When should I use C# vs F#?

Hey! Many years ago I used C# professionally before F# was a commonly used language. Now it seems that F# has taken off too, and that much of the functionality (and language-style) is common between the two. If I was reaching for a .net language in 2022, how should I choose one over the other - are there specific use-cases that make one a better choice? Or some language features that really separate them? Thanks!

One of the common misconceptions is that F# is only useful for specific domains, like math or finance or the like. F# actually is a general-purpose programming language, and can basically do anything C# does but better (IMHO). Some benefits of using F# over C#:

  • Correctness: due to a more advanced compiler and some language features (e.g. no null), F# code usually has less bug
  • Conciseness: you usually need less lines of code
  • Expressiveness: F# is great to model your application’s domain

I’d also argue that F# is a better designed language than C# in that it has less syntax, less ways of doing the same thing and just seems to be more “fun” to write code in.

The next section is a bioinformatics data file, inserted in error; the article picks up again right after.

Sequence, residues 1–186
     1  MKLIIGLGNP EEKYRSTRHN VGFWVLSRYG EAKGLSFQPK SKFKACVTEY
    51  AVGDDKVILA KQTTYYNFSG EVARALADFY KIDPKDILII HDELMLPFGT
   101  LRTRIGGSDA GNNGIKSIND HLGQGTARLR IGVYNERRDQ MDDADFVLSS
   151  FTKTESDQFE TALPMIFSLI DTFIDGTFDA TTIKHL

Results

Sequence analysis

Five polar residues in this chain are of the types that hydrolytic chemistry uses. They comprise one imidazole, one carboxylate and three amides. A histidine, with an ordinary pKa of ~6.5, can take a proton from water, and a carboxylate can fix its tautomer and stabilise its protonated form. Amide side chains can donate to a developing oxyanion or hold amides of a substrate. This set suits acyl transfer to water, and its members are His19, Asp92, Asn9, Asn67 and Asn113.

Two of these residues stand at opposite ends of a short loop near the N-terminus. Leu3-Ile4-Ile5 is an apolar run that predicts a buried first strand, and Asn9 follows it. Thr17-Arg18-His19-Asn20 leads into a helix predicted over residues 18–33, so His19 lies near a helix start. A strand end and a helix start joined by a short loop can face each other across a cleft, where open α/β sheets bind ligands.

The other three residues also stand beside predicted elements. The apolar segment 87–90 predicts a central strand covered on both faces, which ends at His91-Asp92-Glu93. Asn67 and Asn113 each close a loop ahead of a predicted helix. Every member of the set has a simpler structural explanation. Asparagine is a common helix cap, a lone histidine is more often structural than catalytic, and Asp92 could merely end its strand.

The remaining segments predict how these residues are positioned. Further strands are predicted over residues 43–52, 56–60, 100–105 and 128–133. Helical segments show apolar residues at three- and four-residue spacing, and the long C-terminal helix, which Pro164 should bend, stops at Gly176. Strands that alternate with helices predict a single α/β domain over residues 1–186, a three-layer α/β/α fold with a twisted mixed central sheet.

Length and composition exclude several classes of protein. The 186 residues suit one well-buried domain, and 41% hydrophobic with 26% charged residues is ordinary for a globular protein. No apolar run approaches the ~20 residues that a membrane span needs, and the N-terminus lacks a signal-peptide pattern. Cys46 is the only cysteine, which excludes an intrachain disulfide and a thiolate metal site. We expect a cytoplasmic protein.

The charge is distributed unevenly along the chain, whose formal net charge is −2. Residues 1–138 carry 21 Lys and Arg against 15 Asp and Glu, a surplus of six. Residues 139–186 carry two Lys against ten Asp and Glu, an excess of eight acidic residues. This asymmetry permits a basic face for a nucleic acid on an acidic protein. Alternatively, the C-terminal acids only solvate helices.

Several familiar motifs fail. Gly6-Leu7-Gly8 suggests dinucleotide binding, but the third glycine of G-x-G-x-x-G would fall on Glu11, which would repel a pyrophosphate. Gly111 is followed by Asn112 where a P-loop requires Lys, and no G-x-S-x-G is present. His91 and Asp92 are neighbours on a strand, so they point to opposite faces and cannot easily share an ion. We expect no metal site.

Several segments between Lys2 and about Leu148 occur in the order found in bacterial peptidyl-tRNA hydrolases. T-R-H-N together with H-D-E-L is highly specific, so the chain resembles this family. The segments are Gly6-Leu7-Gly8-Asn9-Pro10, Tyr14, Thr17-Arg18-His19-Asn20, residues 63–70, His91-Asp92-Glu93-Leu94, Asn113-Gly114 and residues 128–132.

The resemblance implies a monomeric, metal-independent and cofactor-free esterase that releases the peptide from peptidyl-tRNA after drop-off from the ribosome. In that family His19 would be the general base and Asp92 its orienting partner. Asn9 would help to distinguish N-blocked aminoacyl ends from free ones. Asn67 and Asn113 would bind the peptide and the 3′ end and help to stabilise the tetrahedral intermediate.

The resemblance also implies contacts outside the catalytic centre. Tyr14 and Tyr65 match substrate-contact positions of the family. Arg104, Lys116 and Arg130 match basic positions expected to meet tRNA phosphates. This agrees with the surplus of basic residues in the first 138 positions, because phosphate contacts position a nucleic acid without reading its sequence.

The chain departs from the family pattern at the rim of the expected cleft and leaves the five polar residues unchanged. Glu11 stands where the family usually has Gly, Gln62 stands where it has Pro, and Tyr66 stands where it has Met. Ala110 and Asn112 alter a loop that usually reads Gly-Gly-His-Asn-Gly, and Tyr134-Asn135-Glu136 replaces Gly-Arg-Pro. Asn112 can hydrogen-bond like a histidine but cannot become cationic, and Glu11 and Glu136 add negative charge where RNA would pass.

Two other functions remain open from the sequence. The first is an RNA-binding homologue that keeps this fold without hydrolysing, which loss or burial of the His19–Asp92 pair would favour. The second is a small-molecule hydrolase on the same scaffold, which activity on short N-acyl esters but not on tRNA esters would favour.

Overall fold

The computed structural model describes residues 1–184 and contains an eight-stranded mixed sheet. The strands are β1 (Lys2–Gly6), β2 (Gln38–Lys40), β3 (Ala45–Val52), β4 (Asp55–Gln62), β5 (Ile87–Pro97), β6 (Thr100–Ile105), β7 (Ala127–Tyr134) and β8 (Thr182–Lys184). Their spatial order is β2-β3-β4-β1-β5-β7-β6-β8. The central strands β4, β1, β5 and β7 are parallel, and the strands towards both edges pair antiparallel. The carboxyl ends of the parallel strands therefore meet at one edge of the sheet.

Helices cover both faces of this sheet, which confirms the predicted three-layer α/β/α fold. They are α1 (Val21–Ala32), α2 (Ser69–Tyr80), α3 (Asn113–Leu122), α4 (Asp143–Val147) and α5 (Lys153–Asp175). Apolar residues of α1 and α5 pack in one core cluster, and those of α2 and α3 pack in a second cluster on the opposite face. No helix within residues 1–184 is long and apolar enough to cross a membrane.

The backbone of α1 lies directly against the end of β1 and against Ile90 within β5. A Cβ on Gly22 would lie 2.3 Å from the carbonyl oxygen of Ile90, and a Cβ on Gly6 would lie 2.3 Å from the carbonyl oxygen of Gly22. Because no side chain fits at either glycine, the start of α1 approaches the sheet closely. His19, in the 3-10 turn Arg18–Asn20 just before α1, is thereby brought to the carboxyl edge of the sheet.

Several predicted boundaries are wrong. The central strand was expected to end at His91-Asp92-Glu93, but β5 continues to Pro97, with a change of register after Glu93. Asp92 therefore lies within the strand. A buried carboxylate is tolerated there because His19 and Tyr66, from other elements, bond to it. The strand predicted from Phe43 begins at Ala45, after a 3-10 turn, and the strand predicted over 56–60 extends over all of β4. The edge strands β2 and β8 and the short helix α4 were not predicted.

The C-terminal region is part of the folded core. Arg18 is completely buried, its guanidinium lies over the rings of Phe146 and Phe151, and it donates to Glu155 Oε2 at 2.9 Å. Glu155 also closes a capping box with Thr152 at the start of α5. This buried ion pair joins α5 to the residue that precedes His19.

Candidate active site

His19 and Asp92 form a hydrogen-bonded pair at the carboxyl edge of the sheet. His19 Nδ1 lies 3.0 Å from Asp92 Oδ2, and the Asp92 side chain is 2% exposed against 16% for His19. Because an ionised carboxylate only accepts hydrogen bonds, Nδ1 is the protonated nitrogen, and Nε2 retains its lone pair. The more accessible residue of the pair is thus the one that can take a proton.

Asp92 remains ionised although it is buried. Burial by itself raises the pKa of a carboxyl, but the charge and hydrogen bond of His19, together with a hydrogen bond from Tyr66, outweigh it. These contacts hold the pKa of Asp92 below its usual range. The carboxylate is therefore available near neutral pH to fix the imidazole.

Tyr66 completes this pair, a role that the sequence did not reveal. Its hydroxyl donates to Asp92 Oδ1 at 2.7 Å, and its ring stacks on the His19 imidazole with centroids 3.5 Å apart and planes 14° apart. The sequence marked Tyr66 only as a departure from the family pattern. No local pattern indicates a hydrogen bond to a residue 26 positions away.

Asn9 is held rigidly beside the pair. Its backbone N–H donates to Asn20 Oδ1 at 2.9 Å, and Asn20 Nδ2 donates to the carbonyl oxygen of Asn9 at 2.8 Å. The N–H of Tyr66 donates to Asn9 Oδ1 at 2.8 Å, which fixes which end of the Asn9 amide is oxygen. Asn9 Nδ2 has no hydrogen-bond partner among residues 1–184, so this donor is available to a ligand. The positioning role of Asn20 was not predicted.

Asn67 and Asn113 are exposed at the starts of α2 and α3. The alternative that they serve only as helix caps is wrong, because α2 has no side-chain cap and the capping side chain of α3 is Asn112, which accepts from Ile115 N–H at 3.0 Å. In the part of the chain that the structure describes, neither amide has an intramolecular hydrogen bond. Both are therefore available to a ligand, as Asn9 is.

The main arguments against using F# are that functional programming is unfamiliar to many and that it is hard to find people that know F#. Personally, I think both arguments can be circumvented by having one or two people in your team that know F# help the others learn F#. As F# also supports object-oriented programming, transitioning from C# to F# can be a nice and gradual process.

Scott Wlaschin explains it much better than I can on Why use F#? | F# for fun and profit and Anything C# can do... | F# for fun and profit


One of the issues can be finding examples/tooling for newer dotnet features. For instance, last I checked, MAUI was not particularly F# friendly.


That’s true. Newer Microsoft products usually only really get C# support. It is often up to the community to build an F#-friendly version on top of those products. A good example of this is Giraffe, which is a web framework built on top of ASP.NET.